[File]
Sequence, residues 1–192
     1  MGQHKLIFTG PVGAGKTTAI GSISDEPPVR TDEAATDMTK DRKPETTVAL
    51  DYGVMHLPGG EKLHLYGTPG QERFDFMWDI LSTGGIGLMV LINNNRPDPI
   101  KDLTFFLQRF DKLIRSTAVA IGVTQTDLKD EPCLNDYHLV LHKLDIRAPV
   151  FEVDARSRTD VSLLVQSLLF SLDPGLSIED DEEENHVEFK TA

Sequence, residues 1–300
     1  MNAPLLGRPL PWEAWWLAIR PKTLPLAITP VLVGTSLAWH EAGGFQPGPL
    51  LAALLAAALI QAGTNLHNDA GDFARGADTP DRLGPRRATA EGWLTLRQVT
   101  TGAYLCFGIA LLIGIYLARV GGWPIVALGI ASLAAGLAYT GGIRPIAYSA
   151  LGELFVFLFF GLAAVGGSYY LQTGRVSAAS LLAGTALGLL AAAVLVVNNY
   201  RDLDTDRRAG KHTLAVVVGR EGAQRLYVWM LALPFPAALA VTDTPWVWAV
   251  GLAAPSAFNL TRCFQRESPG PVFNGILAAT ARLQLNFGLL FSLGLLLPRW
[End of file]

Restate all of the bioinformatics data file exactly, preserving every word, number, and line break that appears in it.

Sequence, residues 1–192
     1  MGQHKLIFTG PVGAGKTTAI GSISDEPPVR TDEAATDMTK DRKPETTVAL
    51  DYGVMHLPGG EKLHLYGTPG QERFDFMWDI LSTGGIGLMV LINNNRPDPI
   101  KDLTFFLQRF DKLIRSTAVA IGVTQTDLKD EPCLNDYHLV LHKLDIRAPV
   151  FEVDARSRTD VSLLVQSLLF SLDPGLSIED DEEENHVEFK TA

Sequence, residues 1–300
     1  MNAPLLGRPL PWEAWWLAIR PKTLPLAITP VLVGTSLAWH EAGGFQPGPL
    51  LAALLAAALI QAGTNLHNDA GDFARGADTP DRLGPRRATA EGWLTLRQVT
   101  TGAYLCFGIA LLIGIYLARV GGWPIVALGI ASLAAGLAYT GGIRPIAYSA
   151  LGELFVFLFF GLAAVGGSYY LQTGRVSAAS LLAGTALGLL AAAVLVVNNY
   201  RDLDTDRRAG KHTLAVVVGR EGAQRLYVWM LALPFPAALA VTDTPWVWAV
   251  GLAAPSAFNL TRCFQRESPG PVFNGILAAT ARLQLNFGLL FSLGLLLPRW